Here’s How Sneaky Microsoft (MSFT) Managed to Invade Android Devices

If you think Microsoft (MSFT) won’t be able to get its grubby paws all over your Android smartphone, chances are, it already has.

Lenovo android

Pulling the ultimate ninja move, Microsoft Corporation (NASDAQ:MSFT) teamed up with electronics company Lenovo in a deal that would have Microsoft’s apps preloaded on millions of Lenovo devices that use the Android™ operating system.

In a press release, Microsoft said the deal was a sign of a “deepening strategic relationship” with the Chinese laptop maker. Selected Lenovo devices will come with Microsoft’s signature productivity apps, including Microsoft Office, OneDrive, and Skype. That’s not all, Microsoft managed to score a “patent cross-licensing agreement” that covers Lenovo and Motorola devices.

“Microsoft’s thrilled that our productivity apps will be pre-installed on Lenovo’s premium devices,” said Nick Parker, corporate vice president OEM Division, Microsoft. “The marriage of Microsoft’s apps and Lenovo’s Android-based devices will enable customers around the world to be more productive, more connected and achieve even more.”

“Our collaboration with Microsoft will create new opportunities for our customers to take advantage of some of Microsoft’s most popular apps,” said Christian Eigen, Leader of Corporate Alliances, Lenovo. “Installing Microsoft apps and services on our devices will bring additional value to consumers around the globe.”

Microsoft added that the patent agreement demonstrates the company’s commitment to licensing intellectual property to ensure a “healthy and vibrant technology ecosystem.” Since the launching of Microsoft’s own IP licensing program in December 2003, the conglomerate has entered into more than a thousand licensing agreements. In addition, Microsoft teamed up with over 74 Android OEM, which means the company is serious about invading a highly profitable platform.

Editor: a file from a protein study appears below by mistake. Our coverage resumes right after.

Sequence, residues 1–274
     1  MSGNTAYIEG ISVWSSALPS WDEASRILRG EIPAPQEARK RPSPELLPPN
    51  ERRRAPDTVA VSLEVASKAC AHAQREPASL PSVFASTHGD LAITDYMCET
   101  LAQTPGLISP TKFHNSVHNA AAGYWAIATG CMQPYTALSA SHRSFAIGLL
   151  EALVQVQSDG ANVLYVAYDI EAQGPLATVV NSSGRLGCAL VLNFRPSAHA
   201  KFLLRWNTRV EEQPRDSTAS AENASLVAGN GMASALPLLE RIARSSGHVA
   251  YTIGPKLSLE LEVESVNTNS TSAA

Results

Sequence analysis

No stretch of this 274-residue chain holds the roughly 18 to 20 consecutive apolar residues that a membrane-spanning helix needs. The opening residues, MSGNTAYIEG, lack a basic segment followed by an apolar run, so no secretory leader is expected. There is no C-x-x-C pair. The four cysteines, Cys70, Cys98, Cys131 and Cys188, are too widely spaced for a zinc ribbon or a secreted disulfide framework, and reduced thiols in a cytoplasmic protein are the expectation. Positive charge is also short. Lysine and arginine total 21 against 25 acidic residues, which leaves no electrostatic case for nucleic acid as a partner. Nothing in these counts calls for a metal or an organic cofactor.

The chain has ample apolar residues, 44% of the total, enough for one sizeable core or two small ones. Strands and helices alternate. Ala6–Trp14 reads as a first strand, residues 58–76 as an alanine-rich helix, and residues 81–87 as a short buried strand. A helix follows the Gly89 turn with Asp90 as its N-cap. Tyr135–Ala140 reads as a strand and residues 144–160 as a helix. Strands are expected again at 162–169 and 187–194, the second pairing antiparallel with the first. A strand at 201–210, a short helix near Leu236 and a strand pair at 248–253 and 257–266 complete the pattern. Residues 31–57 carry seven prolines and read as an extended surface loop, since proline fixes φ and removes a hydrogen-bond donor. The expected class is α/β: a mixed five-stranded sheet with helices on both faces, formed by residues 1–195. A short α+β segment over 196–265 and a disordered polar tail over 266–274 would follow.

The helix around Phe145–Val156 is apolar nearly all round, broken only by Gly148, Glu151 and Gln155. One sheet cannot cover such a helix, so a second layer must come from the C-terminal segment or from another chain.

The agreement required Microsoft to surrender the right to charge royalties to companies that bundle its products “in exchange for software exposure.” However, Redmond exec Nick Parker said only that the deal applies to “Lenovo’s premium devices.”

“The marriage of Microsoft’s apps and Lenovo’s Android-based devices will enable customers around the world to be more productive, more connected and achieve even more,” Parker, corporate vice president of Microsoft’s OEM division, said in a statement.

Meanwhile, Christian Eigen, leader of corporate alliances at Lenovo said the company is looking forward to a fruitful partnership with Microsoft.

“Our collaboration with Microsoft will create new opportunities for our customers to take advantage of some of Microsoft’s most popular apps,” Eigen said. “Installing Microsoft apps and services in our devices will bring additional value to customers around the globe.”

Insiders believe that Microsoft is seizing the opportunity to gain a stronger foothold in the Asian markets, particularly in China. Not too long ago, Microsoft inked a deal with Chinese consumer electronics company Xiaomi and a year before that deal, the company collaborated with Samsung and other OEMs. Unlike Apple Inc. (NASDAQ:AAPL), Microsoft is going where users are. The waning demand for the Windows phones forced the tech conglomerate to latch on to iOS and Android. Microsoft seems to have no problems thriving on competitor platforms to widen its reach, which, let’s face it, is a real win for users.

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